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I Hid My Period From My Mom (For 6 Months)



5 min read

I Hid My Period From My Mom (For 6 Months) Photo

by Karine Bengualid | 12/14/2017

I was in 8th grade in the early 90s. No cell phones. No interwebs. And certainly no social media.

I got my period.

I wasn’t panicked or freaked out or confused. I knew what it was— that much I’d learned from my mom, my sister and my girlfriends. I knew what it meant—extra monthly maintenance, womanhood, reproduction.

But, nevertheless, I hid it. From everyone. From my mom.

I was a painfully shy kid growing up. Everything embarrassed me. Now I was hormonal, which made everything worse. I wasn’t ready for sex talks or to announce my body was changing — I found the whole thing so embarrassing.

So, I developed a system. I stole pads from my sister’s bathroom drawer, took some from my mother’s stash, and squirreled away those 25₵ ones found in public bathroom dispensers. When I needed to discard dirty ones, I’d throw them in the ready-for-pick-up green GLAD garbage bags we had in the garage. No one would suspect.

But, somewhere around the six-month mark I decided it was time to tell my secret. I was tired of playing hide-the-pad. I remember I was in the passenger seat in the car with my mother, and we were going to the mall. Out of nowhere, I suddenly felt brave. We were on the highway driving westbound, and I thought to myself, “Now”.

You have to understand something first. We are French-Moroccan Jews. We speak, you guessed it, French and English because we also live in Canada. Most of my family on both sides are from Casablanca. They immigrated to Canada in the 60s and assimilated quite well except for a few cultural traditions that just won’t quit.

The reason I bring this up is two-fold. One, because this conversation may have taken place en français. And two, because of what happens a few hours later.

Back to the car, headed westbound to the mall. Deep breath.

“Mom,” I must have said. “I have to tell you something. But please don’t be mad.”

To me, it was clear: Don’t be mad because I’ve hidden this from you for months and months and months.

“OK,” she replied hesitantly. I could see from my peripheral vision (I wouldn’t look her in the eyes) she was suddenly gripping the steering wheel a little harder, her self-manicured nails digging into the leather. She was afraid of what I was about to tell her.

“I got my period.” Pause.

“OK,” she responded again, this time loosening the grip she had on the wheel. That was it. Or was it? She asked when, and I told her the truth. Then, her right hand tapped my left knee. She was smiling, and I could tell she was happy and even excited. I smiled too. And blushed.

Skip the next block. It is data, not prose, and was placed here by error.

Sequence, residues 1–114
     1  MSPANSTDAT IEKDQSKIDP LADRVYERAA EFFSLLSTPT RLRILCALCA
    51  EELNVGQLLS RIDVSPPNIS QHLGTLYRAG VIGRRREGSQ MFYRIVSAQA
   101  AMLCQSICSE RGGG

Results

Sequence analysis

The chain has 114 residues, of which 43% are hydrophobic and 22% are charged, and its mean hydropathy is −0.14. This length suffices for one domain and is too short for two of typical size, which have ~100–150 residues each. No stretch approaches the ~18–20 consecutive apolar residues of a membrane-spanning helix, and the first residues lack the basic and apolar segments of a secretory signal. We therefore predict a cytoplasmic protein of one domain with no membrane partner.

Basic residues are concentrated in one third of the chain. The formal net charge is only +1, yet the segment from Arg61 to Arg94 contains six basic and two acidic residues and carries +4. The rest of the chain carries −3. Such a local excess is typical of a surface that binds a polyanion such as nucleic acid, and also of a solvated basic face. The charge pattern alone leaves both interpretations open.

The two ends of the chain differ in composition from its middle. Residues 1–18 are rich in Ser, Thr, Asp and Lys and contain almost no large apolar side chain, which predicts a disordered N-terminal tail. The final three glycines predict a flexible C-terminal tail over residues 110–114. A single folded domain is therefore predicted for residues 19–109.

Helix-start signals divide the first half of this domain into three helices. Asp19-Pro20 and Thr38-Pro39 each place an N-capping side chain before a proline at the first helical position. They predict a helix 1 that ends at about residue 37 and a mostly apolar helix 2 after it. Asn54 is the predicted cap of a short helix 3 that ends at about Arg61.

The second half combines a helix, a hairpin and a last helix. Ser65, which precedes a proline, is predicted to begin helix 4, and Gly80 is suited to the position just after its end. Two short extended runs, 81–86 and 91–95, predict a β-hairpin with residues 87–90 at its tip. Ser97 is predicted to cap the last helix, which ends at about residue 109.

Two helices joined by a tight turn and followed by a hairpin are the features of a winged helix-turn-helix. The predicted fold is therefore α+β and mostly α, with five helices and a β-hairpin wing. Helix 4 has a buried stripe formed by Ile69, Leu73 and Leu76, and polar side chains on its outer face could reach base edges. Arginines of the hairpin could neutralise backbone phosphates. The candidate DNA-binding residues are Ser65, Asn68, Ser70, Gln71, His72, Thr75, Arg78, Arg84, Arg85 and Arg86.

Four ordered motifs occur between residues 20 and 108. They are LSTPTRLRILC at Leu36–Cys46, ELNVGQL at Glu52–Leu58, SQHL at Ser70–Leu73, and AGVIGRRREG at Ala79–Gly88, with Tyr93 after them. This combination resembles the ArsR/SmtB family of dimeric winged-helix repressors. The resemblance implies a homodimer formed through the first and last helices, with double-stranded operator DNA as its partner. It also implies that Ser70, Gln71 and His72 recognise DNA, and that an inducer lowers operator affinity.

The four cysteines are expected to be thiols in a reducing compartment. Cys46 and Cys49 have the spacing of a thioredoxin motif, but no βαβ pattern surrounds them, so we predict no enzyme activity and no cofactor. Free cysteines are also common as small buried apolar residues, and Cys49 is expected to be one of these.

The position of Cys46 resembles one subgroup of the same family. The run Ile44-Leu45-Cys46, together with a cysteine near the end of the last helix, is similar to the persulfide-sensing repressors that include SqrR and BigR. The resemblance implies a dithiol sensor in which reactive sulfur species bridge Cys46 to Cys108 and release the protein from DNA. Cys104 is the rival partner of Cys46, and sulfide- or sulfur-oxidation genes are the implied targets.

The burden of my secret was lifted, and I was free. There. It was out. Soon, all French-Moroccans from Toronto to Montreal would know. Because that’s how we do.

When we got home, my parents called my sister and me down to the kitchen. My mother had set up the henna with rosewater in a silver dish and had gold coins near her.

In Middle-Eastern and Arabic cultures, henna symbolizes protection from the evil eye and brings health and luck; the gold coins bring prosperity to those who hold them. This tradition is practiced at weddings, bar mitzvahs, and all other celebrations.

“Here we go,” I thought. My mother obviously told my father, and they were prepared to anoint me a ‘woman.’

She put a dab of henna in the palm of my hand with a silver spoon from her collection of holiday wares followed by a gold coin pressed within the center of the mixture in my hand. Then, my mother attempted her best Arabic cries, the kind that are at the center of every Arabic ceremony. The ones that sound like someone is saying “you-you-you-you-you-you” in an extraordinarily high-pitched scream. A scream that emanates from the very bottom of their soul—past the larynx, through the diaphragm, and deep into their core. A song-of-sorts that, growing up, always meant happiness.

Now they were singing for me.

My feelings about these traditions were, at the time, mixed. Although this was a part of my culture that couldn’t be erased (and in retrospect, why should it?) as a shy, awkward teenager, I was mortified nonetheless.

Maybe that’s why I kept the secret for so long? Because I knew this was an inevitability? Because I knew everyone would find out? Recently, I learned that my sister and cousins preemptively told their mothers not to tell anyone about their periods and not to make a big ceremonial deal about it. Neither thought crossed my mind. Maybe if they had, I would have come clean sooner.

Now, I remember these traditions with great fondness and wish I could go back to those days so I could properly relish these lost moments. I wish we were still following these traditions with the second generation of Canadians in our family. And, I wish my mother was still around to keep them alive.


Decades later, my mother told the story of my period secret. But the way she told it, I knew we had both interpreted our conversation that day in the car differently.

When I said, “Please don’t be mad I kept my period from you,” she thought I meant, “Please don’t be mad… that I got my period.” She believed I was afraid to tell her something so primal, so natural, so NORMAL — and I guess, in a way, I had been.

Karine Bengualid is a French-Canadian-Moroccan-Jew, a recovering introvert, an aspiring comedienne, and a freelance copywriter by day/night/weekend.

by Karine Bengualid

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